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Bugs as drugs, Part 1: Insects: the "new" alternative medicine for the 21st century?

Abstract

Insects and insect-derived products have been widely used in folk healing in many parts of the world since ancient times. Promising treatments have at least preliminarily been studied experimentally. Maggots and honey have been used to heal chronic and post-surgical wounds and have been shown to be comparable to conventional dressings in numerous settings. Honey has also been applied to treat burns. Honey has been combined with beeswax in the care of several dermatologic disorders, including psoriasis, atopic dermatitis, tinea, pityriasis versicolor, and diaper dermatitis. Royal jelly has been used to treat postmenopausal symptoms. Bee and ant venom have reduced the number of swollen joints in patients with rheumatoid arthritis. Propolis, a hive sealant made by bees, has been utilized to cure aphthous stomatitis. Cantharidin, a derivative of the bodies of blister beetles, has been applied to treat warts and molluscum contagiosum. Combining insects with conventional treatments may provide further benefit.

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  • Authors+Show Affiliations

    The Geriatrics Institute, University of Miami Miller School of Medicine, Miami, FL, USA. evan.cherniack@va.gov

    Source

    MeSH

    Animals
    Anti-Infective Agents
    Arthritis, Rheumatoid
    Bee Venoms
    Burns
    Debridement
    Fatty Acids
    Honey
    Hot Flashes
    Humans
    Insecta
    Larva
    Propolis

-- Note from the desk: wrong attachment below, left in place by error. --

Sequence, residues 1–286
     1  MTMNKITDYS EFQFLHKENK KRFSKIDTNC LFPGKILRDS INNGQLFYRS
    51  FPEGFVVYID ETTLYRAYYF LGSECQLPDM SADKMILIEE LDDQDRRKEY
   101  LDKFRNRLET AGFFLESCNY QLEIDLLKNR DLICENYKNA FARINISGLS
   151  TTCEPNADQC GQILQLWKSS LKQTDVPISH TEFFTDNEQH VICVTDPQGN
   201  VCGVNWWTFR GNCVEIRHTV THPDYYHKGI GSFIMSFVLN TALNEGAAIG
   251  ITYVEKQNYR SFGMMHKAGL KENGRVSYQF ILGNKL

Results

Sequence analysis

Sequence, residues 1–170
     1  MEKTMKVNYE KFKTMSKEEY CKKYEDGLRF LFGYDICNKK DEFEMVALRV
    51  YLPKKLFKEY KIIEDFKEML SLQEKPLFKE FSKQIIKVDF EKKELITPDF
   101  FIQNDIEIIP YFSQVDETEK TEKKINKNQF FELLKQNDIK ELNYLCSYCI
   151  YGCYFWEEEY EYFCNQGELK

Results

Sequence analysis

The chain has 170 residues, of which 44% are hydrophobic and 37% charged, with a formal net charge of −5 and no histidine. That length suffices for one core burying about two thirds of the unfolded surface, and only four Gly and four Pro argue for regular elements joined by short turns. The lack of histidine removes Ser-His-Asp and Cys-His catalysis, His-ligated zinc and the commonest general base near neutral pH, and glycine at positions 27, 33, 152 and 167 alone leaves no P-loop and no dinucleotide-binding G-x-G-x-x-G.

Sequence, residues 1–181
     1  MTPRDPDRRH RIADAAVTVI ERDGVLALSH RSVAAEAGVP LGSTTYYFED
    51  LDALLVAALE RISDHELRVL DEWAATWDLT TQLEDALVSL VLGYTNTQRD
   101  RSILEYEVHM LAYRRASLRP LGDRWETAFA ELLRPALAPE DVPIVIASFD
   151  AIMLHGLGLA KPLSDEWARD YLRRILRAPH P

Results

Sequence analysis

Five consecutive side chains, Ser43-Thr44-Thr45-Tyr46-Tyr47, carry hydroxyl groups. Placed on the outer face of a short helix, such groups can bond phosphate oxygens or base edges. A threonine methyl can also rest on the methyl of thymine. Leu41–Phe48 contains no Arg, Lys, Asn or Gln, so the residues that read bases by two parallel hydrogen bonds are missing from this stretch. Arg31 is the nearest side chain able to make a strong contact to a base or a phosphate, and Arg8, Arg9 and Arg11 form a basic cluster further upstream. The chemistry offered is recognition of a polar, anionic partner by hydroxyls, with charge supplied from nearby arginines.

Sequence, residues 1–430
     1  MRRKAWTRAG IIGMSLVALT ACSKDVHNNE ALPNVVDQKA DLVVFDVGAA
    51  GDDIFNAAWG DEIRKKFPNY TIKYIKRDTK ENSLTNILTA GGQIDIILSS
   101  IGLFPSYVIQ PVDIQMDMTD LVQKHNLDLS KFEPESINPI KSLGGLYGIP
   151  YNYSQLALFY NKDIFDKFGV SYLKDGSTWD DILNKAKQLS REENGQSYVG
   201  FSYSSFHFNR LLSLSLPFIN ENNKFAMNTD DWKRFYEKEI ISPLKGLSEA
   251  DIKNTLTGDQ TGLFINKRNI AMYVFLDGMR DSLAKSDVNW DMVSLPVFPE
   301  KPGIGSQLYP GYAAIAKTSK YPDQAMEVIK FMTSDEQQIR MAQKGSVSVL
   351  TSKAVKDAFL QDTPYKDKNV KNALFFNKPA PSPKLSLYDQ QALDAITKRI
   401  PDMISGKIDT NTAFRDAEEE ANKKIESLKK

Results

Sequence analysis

Wound Infection
    Wounds and Injuries

    Pub Type(s)

    Journal Article
    Review

    Language

    eng

    PubMed ID

    20806997

    Citation

    Cherniack, E Paul. "Bugs as Drugs, Part 1: Insects: the "new" Alternative Medicine for the 21st Century?" Alternative Medicine Review : a Journal of Clinical Therapeutic, vol. 15, no. 2, 2010, pp. 124-35.
    Cherniack EP. Bugs as drugs, Part 1: Insects: the "new" alternative medicine for the 21st century? Altern Med Rev. 2010;15(2):124-35.
    Cherniack, E. P. (2010). Bugs as drugs, Part 1: Insects: the "new" alternative medicine for the 21st century? Alternative Medicine Review : a Journal of Clinical Therapeutic, 15(2), pp. 124-35.
    Cherniack EP. Bugs as Drugs, Part 1: Insects: the "new" Alternative Medicine for the 21st Century. Altern Med Rev. 2010;15(2):124-35. PubMed PMID: 20806997.
    * Article titles in AMA citation format should be in sentence-case
    TY - JOUR T1 - Bugs as drugs, Part 1: Insects: the "new" alternative medicine for the 21st century? A1 - Cherniack,E Paul, PY - 2010/9/3/entrez PY - 2010/9/3/pubmed PY - 2010/10/19/medline SP - 124 EP - 35 JF - Alternative medicine review : a journal of clinical therapeutic JO - Altern Med Rev VL - 15 IS - 2 N2 - Insects and insect-derived products have been widely used in folk healing in many parts of the world since ancient times. Promising treatments have at least preliminarily been studied experimentally. Maggots and honey have been used to heal chronic and post-surgical wounds and have been shown to be comparable to conventional dressings in numerous settings. Honey has also been applied to treat burns. Honey has been combined with beeswax in the care of several dermatologic disorders, including psoriasis, atopic dermatitis, tinea, pityriasis versicolor, and diaper dermatitis. Royal jelly has been used to treat postmenopausal symptoms. Bee and ant venom have reduced the number of swollen joints in patients with rheumatoid arthritis. Propolis, a hive sealant made by bees, has been utilized to cure aphthous stomatitis. Cantharidin, a derivative of the bodies of blister beetles, has been applied to treat warts and molluscum contagiosum. Combining insects with conventional treatments may provide further benefit. SN - 1089-5159 UR - https://www.unboundmedicine.com/medline/citation/20806997/Bugs_as_drugs_Part_1:_Insects:_the_ L2 - http://archive.foundationalmedicinereview.com/publications/15/2/124.pdf DB - PRIME DP - Unbound Medicine ER -